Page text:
To be honest, I’ve come a long way with Devin Lloyd since my first evaluation of the Utah linebacker in January. I still don’t love how he navigates the box or takes on blocks against the run. He’s not a physical thumper who will blow up a lead blocker. But he has grown on me with his versatility, range, and above-average coverage traits. Ultimately, Lloyd’s ability to effectively play on and off the line is what sold me. He’s an elite edge rusher and interior blitzer, which suggests he can be Hightower-like in that sense. Belichick would have fun with Lloyd, using him as a game plan and situational chess piece. His 40 time also isn’t an accurate reflection of his ability to go sideline-to-sideline. He plays much faster than 4.66-seconds (see Stanford game), and that 40-yard dash is still above-average (61st percentile). I’m in.
Is the main reason we keep talking about John Metchie his connection with Mac Jones? Tell me why I should be excited about him as a prospect
— Dwayne Pogue (@Prostarr27) April 13, 2022
It’s surprising to see so many followers who don’t understand the hype around Methcie, and no, it’s not just about his connection with Jones, but that certainly is a big aspect. Metchie is a three-level threat who shows excellent short-area burst at the top of routes and plays much bigger than his size suggests down the field. He runs a devastating three-step slant, ranked third in the SEC in yards after the catch in 2021 (640), and shows good toughness and a high football IQ. He might not be a true burner, but he’s quick and runs nuanced routes. Metchie would be a great fit in New England’s scheme regardless of the quarterback. It’s an added bonus that the Mac-to-Metchie connection was so productive in 2020.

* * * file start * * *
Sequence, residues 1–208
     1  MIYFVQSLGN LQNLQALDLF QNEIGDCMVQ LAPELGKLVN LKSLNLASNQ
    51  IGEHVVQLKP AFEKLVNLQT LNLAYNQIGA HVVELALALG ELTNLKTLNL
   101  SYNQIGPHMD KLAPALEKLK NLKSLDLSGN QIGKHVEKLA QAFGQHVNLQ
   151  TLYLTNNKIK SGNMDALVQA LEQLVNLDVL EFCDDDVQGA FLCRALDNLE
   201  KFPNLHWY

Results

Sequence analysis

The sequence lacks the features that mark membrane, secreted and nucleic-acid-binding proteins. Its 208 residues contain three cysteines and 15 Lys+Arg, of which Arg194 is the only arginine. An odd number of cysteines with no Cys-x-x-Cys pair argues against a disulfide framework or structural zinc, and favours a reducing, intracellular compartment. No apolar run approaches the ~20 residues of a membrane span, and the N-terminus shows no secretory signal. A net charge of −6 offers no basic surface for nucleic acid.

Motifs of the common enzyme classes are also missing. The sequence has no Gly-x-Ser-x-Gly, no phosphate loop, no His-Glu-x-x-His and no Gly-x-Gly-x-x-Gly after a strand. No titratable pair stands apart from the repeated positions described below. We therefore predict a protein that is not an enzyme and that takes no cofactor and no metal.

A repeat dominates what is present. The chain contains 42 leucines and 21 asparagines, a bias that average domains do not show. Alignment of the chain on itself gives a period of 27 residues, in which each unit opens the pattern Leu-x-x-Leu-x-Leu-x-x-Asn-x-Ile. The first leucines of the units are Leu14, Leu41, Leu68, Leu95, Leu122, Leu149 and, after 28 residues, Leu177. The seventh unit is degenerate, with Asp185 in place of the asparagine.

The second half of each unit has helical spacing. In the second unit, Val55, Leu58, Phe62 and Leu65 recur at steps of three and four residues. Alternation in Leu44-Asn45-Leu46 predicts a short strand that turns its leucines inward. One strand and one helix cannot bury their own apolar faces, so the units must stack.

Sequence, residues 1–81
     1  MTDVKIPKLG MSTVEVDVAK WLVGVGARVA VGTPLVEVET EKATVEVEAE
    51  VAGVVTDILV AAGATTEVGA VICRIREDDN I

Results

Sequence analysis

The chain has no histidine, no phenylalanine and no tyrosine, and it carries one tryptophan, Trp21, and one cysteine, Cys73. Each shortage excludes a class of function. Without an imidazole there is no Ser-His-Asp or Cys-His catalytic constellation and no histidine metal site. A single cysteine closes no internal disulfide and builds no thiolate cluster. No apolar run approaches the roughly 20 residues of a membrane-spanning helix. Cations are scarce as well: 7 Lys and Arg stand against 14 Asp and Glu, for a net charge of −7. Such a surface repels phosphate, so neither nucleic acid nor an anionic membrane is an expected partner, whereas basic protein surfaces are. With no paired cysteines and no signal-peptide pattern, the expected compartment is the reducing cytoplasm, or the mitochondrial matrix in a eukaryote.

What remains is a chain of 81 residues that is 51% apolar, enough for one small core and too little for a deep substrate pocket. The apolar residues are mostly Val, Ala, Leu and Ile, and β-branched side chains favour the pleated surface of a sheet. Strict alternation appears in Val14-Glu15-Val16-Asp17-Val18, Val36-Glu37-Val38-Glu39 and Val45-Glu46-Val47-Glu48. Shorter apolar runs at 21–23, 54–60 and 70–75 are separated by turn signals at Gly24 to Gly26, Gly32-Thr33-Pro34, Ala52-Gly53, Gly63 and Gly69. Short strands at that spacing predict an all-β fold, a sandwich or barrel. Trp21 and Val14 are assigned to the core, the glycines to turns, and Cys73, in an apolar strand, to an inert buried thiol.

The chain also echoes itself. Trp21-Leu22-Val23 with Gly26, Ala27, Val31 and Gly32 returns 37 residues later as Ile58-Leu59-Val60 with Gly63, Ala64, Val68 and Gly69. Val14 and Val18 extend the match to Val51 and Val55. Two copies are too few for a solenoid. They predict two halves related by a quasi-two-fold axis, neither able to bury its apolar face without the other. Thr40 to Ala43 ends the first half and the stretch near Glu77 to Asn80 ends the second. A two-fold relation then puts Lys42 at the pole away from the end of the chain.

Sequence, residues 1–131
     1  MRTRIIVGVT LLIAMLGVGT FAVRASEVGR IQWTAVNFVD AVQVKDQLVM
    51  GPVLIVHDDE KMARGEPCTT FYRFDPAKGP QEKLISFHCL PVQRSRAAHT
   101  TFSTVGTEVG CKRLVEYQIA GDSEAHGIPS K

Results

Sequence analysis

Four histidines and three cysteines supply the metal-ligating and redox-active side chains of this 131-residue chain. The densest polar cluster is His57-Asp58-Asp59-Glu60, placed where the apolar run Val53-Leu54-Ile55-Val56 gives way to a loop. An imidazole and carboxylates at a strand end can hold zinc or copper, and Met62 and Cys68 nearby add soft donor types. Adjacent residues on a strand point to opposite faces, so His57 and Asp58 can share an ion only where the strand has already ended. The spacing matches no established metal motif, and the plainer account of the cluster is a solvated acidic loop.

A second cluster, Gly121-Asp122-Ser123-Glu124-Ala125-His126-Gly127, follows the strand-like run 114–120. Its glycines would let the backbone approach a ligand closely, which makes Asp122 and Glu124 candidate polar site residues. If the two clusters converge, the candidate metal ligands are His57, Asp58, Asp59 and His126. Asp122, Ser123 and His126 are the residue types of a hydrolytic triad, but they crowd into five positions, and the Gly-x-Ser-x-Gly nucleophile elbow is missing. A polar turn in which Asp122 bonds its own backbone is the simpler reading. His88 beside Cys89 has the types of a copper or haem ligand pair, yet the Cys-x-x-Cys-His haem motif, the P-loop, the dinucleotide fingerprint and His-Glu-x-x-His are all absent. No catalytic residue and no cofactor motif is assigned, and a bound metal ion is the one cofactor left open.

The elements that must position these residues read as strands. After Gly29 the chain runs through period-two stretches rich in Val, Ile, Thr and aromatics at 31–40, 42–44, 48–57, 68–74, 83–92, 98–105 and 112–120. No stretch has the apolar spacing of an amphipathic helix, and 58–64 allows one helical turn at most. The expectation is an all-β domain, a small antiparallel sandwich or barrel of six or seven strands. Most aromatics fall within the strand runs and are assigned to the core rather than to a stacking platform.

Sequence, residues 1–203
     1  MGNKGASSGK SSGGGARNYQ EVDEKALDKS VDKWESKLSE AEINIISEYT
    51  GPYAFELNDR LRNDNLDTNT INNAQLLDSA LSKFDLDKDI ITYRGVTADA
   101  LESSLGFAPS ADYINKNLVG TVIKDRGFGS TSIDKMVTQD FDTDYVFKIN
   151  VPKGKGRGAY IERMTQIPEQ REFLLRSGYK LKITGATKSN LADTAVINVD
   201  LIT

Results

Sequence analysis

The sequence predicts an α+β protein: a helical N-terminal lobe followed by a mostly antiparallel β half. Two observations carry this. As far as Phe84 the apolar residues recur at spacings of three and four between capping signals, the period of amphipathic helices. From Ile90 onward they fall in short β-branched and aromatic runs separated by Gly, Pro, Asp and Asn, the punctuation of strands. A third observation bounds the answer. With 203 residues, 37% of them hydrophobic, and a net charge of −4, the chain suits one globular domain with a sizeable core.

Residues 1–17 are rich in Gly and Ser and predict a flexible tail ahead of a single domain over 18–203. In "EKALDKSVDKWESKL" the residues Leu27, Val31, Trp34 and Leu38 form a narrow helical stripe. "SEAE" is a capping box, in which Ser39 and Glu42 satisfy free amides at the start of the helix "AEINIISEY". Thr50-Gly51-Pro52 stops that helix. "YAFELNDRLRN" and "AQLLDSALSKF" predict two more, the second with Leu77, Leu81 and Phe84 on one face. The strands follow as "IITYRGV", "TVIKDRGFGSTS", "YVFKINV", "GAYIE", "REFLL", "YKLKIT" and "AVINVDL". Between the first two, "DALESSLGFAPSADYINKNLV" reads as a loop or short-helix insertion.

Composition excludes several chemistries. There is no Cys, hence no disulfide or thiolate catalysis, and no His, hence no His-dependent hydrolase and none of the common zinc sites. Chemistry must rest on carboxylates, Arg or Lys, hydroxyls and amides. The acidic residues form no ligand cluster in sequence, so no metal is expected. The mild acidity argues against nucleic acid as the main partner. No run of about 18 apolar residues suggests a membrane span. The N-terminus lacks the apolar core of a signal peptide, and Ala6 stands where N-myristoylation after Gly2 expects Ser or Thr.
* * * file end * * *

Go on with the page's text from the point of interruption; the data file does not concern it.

Any chance NE trades up a little to give them a better chance at Lloyd or somebody like that?
— Jack Prokopis (@JackProkopis) April 13, 2022
There’s certainly a case for the Patriots to move up to secure a blue-chip talent in the first round. When you look at consensus mock drafts, you see Jordan Davis, Chris Olave, Devin Lloyd, and others in the 15-20 range, so I get the argument. But the problem for New England is draft capital. They don’t have any extra top-100 picks this year or next year, so you’re shrinking your draft haul considerably by trading up. This team doesn’t feel like a player away right now, with several holes to fill on the roster. They’ll likely hang onto the picks or even accumulate more by trading down at some point.